Warren Buffett's eagerly-awaited annual letter to shareholders was recently released. As ever, Buffett highlights the negative, even as he downplays his accomplishments. For example, he refers to last year's performance - 14.4% growth - as "subpar." This is true in the literal sense that par is the S&P index, which returned 16%. However, that's not much of a difference, and a gain in book value of $24 billion isn't all that shabby.
He quickly summarizes the basic terms of the Heinz deal, agreed to after the end of 2012, without a hint of the "Gotcha!" that he must feel. Many long-time Buffett watchers likely scratched their heads when they learned that the Master offered a price that valued the venerable seller of ketchup and beans at about $28 billion (including debt). However, once the details emerged, it became clear that the terms of the deal were extremely favorable to Berkshire shareholders. Alice Schroeder responded to the deal in the Financial Times, explaining that it was the Buffett brand that allowed for the one-sided benefits of the deal, a transaction that will be studied decades from now in business case studies.
As usual, much of the letter's space was devoted to a summary of Berkshire's large business categories - a range of insurance companies; regulated, capital-intensive businesses; manufacturing, service and retail businesses; and finance and financial products - plus a few words about the stock portfolio. Most of this section is similar to the comparable coverage in years past, with a few added comments, and, of course, numbers that are more recent by one year.
Buffett always offers sharp, clear insights into the sometimes fuzzy world of accounting. This year, he illustrated the difference between "real" and "non-real" amortization charges – software-related write-downs are generally legitimate, while charges to the value of customer relationships tend not to be – and how they diminish the reported earnings of IBM and Wells Fargo, two of Berkshire's "Big Four" stock holdings. He also holds forth on some of the arcana of GAAP purchase accounting as it relates to Berkshire's steadily increasing investment in Marmon.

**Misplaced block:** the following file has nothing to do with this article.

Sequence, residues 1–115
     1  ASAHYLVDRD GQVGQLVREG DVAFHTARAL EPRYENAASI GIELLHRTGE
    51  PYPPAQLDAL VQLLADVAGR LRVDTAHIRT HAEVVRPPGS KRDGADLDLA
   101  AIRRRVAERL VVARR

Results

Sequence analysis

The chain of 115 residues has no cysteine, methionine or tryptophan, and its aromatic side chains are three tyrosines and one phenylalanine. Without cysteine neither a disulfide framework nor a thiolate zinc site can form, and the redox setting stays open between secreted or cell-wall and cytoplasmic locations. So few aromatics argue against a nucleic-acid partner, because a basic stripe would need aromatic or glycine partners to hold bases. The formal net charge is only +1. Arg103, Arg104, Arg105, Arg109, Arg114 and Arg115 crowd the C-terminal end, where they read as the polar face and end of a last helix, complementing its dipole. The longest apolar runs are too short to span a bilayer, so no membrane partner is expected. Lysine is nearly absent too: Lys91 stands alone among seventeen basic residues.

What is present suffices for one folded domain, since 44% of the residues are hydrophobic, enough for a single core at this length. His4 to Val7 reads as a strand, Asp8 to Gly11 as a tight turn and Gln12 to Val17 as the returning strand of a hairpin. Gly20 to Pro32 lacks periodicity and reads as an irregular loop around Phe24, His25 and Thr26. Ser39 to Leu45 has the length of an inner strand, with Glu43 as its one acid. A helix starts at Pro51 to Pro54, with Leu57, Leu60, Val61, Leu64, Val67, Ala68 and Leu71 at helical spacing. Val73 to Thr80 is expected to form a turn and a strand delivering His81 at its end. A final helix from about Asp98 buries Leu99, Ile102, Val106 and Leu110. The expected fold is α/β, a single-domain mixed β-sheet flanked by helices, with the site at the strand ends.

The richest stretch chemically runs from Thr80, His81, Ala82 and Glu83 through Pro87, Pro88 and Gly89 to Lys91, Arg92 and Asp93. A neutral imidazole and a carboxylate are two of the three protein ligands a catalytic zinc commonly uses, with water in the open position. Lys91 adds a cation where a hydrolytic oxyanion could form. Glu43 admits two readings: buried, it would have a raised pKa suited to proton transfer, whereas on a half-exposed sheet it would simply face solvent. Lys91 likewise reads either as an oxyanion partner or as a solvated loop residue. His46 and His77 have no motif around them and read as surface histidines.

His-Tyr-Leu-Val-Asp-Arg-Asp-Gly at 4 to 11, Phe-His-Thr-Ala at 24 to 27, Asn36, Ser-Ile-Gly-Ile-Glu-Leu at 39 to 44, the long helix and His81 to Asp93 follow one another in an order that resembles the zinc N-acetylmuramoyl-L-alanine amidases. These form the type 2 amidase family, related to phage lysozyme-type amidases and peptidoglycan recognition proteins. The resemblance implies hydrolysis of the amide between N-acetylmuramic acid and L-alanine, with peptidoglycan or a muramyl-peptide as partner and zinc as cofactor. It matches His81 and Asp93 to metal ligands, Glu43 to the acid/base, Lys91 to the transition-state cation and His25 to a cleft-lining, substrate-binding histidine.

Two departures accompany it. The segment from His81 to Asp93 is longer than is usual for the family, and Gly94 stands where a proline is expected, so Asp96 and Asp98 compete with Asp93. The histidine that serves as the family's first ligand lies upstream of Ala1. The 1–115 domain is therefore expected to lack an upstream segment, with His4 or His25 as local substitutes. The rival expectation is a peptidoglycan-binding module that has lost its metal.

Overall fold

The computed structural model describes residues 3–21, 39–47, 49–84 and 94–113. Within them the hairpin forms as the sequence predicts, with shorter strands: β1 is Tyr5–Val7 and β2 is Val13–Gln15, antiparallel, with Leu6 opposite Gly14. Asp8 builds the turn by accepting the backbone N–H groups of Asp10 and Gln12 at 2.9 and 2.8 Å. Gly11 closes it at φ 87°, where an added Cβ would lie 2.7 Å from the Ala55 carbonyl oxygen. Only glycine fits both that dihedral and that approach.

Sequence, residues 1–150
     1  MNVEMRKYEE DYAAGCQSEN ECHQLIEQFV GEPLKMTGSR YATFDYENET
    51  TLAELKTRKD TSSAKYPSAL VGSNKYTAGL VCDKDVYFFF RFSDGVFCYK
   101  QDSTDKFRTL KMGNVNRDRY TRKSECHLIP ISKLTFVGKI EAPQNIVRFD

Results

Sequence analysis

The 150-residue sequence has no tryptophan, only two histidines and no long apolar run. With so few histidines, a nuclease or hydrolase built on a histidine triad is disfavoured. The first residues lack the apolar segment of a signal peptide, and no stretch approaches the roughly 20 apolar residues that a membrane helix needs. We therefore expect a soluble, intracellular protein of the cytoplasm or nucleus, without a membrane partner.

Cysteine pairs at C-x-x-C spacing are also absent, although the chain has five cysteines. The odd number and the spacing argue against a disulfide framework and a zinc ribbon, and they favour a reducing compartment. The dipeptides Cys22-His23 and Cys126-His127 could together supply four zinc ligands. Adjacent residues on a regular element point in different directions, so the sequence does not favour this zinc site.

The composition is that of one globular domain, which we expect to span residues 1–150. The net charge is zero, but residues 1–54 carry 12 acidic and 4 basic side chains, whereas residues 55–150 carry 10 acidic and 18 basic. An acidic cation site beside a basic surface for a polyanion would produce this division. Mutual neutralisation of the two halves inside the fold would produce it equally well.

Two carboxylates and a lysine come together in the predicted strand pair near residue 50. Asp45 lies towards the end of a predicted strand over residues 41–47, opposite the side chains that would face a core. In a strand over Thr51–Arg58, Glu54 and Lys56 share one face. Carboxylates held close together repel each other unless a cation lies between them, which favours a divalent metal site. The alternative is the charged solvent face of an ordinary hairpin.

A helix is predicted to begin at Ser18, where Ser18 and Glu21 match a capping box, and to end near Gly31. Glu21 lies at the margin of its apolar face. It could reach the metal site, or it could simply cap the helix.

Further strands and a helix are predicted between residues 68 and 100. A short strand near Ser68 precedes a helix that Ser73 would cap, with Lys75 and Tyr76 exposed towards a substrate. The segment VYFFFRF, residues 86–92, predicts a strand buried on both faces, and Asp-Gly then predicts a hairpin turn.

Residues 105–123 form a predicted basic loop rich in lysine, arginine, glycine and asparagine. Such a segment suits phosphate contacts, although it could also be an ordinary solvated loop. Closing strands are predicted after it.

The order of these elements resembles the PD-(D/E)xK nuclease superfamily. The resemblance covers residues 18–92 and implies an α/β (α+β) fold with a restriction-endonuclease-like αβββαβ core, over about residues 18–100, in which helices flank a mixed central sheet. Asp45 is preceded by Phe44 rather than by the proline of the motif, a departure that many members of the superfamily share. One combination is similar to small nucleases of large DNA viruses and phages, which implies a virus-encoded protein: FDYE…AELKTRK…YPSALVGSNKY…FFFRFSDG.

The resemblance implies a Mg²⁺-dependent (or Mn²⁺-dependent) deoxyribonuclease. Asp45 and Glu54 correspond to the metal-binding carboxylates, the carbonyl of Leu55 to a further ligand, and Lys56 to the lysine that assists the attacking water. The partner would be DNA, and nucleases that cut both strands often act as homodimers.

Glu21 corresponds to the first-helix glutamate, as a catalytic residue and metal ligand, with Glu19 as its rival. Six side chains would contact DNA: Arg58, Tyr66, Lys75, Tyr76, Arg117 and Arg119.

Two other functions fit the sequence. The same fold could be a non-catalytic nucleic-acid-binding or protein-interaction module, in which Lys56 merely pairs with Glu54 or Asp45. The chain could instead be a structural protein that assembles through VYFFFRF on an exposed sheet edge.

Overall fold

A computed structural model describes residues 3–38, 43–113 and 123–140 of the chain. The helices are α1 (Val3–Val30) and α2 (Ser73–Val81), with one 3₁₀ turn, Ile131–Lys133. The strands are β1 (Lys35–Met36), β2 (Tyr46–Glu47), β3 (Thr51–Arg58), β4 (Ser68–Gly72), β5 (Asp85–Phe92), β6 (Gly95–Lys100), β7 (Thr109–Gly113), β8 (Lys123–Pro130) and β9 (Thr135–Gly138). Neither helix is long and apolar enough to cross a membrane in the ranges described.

This year, Buffett spilled much ink on the newspaper industry. Because he has long prophesied that newspapers are in permanent decline, many have wondered about his sudden spending spree on them (people must not lose their sense of proportion, however: while he has bought many different papers, even in aggregate they represent only a small fraction of Berkshire's resources - so small in fact, that one wonders if his focus might be better used elsewhere). Still, he offers a clear and insightful history of the newspaper industry, where it stands at present, and the direction it might take in the future. While he remains pessimistic about papers in large, hyper-competitive markets, smaller papers with "primacy" in matters of interest to readers - high school sports, local coverage, obituaries - plus a sensible internet strategy can make for a buy, though only at very low prices.
Using the topic of dividends as a launching point, Buffett offers a concise general theory of capital allocation. While he's shared most these thoughts in the past, this primer is excellent. Both experienced and novice investors ought to read and re-read this section.
Now well into his 80s, Buffett's mind remains razor-sharp, and his performance continues to be stellar. The 2012 letter to shareholders belongs in the same exalted company as all of the previous ones. Here's hoping for many more to come.
Here is a rare summary of Warren Buffett's early letters to partners.
Disclosure: At the time this article was published, the writer was long IBM stock.
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